ZURICH, March 7, 2017 – How does one transform indisputably beautiful words like “equality” and “diversity” into concrete actions that make a difference? This years’ FIFA Conference for Equality and Inclusion set the stage for the many potential answers to this question and displayed just how complex the process is – both within football and in other areas of society.

On the occasion of International Women’s Day, the EGLSF was represented at the 3rd FIFA Annual Conference on Equality & Inclusion to provide a platform for open and honest debate about how to improve the support for women’s football and women in football.

“When an organisation as influential as FIFA embraces the cause of women’s rights, this means a major step for the whole of society; for areas that go well beyond sports,” said deputy director of UN Women Lakshmi Puri during her opening keynote speech.

The theme for this year’s conference was ‘Making Equality a Reality’. FIFA strives to listen, share and learn and is committed to addressing the importance of diversity and inclusion in football.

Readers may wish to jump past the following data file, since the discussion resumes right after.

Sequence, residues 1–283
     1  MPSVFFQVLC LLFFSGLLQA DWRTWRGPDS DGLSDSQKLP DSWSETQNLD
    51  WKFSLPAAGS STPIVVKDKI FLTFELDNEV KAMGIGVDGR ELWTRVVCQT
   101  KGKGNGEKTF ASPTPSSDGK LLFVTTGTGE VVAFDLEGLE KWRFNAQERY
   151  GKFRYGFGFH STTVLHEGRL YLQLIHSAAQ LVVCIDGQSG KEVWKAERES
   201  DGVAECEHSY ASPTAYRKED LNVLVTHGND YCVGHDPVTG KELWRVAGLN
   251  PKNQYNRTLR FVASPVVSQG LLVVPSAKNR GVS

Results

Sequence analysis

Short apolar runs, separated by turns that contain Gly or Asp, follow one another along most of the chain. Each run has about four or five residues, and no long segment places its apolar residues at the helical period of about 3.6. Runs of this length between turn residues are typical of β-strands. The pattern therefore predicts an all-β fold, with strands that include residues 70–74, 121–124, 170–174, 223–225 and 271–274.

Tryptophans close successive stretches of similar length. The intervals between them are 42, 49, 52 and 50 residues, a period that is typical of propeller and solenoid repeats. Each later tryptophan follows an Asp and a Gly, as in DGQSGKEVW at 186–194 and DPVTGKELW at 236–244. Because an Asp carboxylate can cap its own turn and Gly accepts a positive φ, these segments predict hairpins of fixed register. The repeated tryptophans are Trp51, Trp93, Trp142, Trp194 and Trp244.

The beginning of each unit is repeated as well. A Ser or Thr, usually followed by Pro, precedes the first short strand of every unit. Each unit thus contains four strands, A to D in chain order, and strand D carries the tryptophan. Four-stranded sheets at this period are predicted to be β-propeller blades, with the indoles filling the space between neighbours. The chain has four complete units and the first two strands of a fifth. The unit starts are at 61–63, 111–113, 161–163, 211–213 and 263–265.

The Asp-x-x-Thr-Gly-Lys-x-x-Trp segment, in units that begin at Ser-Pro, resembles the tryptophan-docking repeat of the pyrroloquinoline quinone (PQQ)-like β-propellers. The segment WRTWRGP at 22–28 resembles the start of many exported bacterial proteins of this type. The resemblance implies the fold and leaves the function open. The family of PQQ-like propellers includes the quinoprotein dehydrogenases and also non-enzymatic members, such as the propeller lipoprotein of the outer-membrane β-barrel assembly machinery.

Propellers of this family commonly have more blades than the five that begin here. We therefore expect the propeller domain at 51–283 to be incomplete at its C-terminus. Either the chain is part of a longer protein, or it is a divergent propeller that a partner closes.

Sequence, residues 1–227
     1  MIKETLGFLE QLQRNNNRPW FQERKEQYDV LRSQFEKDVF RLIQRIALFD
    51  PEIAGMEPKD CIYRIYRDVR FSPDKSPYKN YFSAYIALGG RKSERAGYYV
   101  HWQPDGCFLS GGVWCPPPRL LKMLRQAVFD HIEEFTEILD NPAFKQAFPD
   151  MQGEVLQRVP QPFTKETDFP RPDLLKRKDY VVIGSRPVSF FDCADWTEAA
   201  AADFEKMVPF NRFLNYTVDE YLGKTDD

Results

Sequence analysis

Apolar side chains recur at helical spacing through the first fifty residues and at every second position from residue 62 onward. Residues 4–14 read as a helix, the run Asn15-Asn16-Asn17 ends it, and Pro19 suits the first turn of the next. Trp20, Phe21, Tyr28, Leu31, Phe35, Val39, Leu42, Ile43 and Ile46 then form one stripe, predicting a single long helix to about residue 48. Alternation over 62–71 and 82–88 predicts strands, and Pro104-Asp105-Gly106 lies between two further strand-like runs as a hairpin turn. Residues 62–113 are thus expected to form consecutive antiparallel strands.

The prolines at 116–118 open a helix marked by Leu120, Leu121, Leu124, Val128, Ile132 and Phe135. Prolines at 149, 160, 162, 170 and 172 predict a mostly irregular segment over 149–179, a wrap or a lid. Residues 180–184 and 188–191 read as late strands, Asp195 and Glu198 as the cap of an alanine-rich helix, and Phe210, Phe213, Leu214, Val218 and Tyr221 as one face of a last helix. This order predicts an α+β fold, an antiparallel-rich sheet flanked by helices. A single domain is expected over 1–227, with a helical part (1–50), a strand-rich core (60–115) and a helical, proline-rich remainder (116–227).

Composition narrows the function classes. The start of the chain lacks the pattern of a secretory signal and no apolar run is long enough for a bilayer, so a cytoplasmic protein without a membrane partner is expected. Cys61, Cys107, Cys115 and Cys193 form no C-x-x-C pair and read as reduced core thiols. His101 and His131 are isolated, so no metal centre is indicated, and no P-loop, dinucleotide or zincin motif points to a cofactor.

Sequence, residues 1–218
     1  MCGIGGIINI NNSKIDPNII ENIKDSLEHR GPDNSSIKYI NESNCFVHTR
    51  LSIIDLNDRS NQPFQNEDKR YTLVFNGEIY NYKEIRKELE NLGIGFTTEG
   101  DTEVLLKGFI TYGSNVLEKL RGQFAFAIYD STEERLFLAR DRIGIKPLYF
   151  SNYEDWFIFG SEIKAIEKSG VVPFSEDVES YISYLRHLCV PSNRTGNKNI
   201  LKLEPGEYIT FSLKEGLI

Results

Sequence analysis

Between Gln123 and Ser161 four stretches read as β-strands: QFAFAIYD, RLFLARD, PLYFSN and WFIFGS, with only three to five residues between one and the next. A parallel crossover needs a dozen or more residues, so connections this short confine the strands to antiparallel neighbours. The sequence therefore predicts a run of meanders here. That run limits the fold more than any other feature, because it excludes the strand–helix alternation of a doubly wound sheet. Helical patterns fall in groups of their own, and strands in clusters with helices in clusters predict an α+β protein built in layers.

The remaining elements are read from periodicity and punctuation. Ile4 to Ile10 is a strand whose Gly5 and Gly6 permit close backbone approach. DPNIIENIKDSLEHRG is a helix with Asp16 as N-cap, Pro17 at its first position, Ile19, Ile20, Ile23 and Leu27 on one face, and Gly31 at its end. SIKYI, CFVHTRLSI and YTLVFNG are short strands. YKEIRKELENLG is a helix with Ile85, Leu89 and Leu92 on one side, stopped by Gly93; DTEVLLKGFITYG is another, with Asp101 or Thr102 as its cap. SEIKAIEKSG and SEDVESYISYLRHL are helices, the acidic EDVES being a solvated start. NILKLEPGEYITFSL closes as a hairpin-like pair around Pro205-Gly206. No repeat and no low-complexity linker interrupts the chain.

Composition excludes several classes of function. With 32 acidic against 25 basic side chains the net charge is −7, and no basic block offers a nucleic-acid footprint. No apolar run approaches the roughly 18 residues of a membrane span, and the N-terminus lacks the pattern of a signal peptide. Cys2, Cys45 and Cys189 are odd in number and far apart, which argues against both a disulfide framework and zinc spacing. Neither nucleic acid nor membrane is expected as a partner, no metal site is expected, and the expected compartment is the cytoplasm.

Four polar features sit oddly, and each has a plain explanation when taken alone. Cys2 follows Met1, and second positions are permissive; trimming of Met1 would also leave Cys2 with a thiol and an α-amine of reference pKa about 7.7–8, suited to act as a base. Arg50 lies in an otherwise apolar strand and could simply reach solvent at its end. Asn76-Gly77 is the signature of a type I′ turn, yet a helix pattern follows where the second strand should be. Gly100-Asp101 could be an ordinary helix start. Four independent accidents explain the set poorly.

FIFA President Gianni Infantino welcomed the participants with a summary of the steps that the organisation has taken over the last 12 months and what it aims to do in the years to come.

Some striking facts about the inequality between men and women in general were given by Professor Sue Bridgewater of the University of Liverpool. One of the major facts was the salary gap between men and women. This is still a serious problem, even in the developed countries in Europe. As women have less to spend, this is something that should be really kept in mind for EuroGames and other tournament organisers.

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At a certain point, former Dutch professional and UEFA diversity ambassador, Clarence Seedorf, was asked by our member the Russian LGBT Sport Federation, what he thought FIFA should do about the fact the next year’s Football World Cup will be held in Russia, where LGBTIQ-people can not be open about their sexual orientation or gender identity. Mr Seedorf avoided the question, saying this conference was for women.

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Later Mr Seedorf asked the former captain of the German men’s national team, Thomas Hitzlsperger, who came out after his career, why he had the need to come out in public. Thomas replied that “every straight player comes out about his sexual orientation, as we all hear about their wives and girlfriends in the news.” The fact the news about him being gay was not important for him, but it was the media that made it big news.

The EGLSF was represented by Diana van den Born.

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Photo credit:- Diana van den Born